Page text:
In a European first, the London School of Hygiene & Tropical Medicine launched this week a global research collaboration hub - the International Diagnostics Centre (IDC). This revolutionary new setup aims to be a focal point, forum and centre for learning, addressing the diagnostics priorities and challenges that diagnostic researchers face today.
Europe's First International Diagnostics Centre Launched
The IDC will work with collaborators in more than 100 countries in Africa, Asia and South America, and will undertake innovative research on the development and deployment of new diagnostic tests that will enable patients to be diagnosed faster, more accurately and cost effectively. Its advocates believe that the Centre is uniquely placed to facilitate and accelerate access to quality assured diagnostics in the developing world, improve patient care and inform disease control strategies.
Rosanna Peeling, Professor and Chair of Diagnostics Research at the London School of Hygiene & Tropical Medicine, spoke at the launch of the IDC on 8 November about the future of the Centre and its potential benefits. 'A new generation of diagnostic tests could save millions of people from deadly diseases like AIDS and TB in the next few years. I am delighted to launch the International Diagnostics Centre today to give a new impetus to our work and create a critical mass of expertise to address inequity of access to diagnostics, guide evidence based management of patients and strengthen health systems.'
Dr Peeling herself is no stranger to the importance of diagnostics and has held the role of acting Research Coordinator and head of Diagnostics Research at the UNICEF/UNDP/World Bank/WHO Special Programme on Research and Training in Tropical Diseases (TDR), based at the World Health Organization in Geneva, Switzerland.
The Centre's creation is also seen as a powerful show of support for the field of diagnostics which is seen by some as being under valued in global health, as funding has largely focused on the development and delivery of therapeutic interventions and vaccines. Supporters of diagnostics, however, are keen to point out that important recent advances - especially in point-of-care diagnostic tests for malaria, HIV, syphilis and other infectious diseases - can greatly improve the quality of clinical care for those without access to laboratory tests. It can also have a major role to play in improving surveillance for infectious diseases, especially those targeted for elimination.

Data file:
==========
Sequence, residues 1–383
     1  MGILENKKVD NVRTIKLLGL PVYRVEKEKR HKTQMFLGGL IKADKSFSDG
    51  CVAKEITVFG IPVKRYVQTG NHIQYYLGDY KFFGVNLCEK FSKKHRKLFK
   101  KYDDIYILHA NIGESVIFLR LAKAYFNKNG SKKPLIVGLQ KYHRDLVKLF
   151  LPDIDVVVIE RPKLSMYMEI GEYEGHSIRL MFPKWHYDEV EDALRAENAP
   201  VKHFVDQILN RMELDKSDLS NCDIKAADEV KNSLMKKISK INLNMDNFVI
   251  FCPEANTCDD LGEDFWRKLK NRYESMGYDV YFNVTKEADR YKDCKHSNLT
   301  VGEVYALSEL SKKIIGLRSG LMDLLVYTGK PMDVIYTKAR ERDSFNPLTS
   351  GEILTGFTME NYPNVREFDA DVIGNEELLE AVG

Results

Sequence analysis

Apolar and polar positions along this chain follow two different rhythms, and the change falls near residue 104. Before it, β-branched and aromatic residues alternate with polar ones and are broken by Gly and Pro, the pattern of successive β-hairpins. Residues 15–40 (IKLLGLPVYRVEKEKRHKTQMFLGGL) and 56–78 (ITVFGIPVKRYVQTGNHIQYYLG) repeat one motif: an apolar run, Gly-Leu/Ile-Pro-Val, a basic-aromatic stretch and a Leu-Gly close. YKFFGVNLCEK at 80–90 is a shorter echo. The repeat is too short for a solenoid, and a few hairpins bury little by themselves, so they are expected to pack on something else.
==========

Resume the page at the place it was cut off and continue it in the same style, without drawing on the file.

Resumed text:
It should be noted that the lack of quality standards in the evaluation and regulation of diagnostics has also caused a proliferation of low-quality diagnostic tests to be sold and used without evidence of effectiveness, discouraging companies with good quality tests to compete in the same market.
The launch of the IDC brings together what they believe is a critical mass of researchers committed to using multidisciplinary and integrated approaches to address these challenges. By leading cutting-edge research and development of accessible quality assured diagnostics, the Centre will advocate for diagnostics in global health. The Centre will also play a pivotal role in ensuring this is the 'Decade of Diagnostics' as it strives to help countries meet the Millennium Development Goals and ultimately save lives and strengthen health systems.
The London School of Hygiene & Tropical Medicine already has a number of diagnostic successes under its belt including pioneering work to assess the cost effectiveness and utility of non-laboratory based rapid diagnostic tests (RDTs) for malaria as well as being involved in a recent study with collaborators in Malawi on self-testing for HIV, which established an important foundation for the introduction of self-testing in high HIV prevalent populations. It also took part in recent research into new RDTs for syphilis which resulted in 100 % of the study countries changing policy and recommending prenatal rapid test screening, saving thousands of lives.
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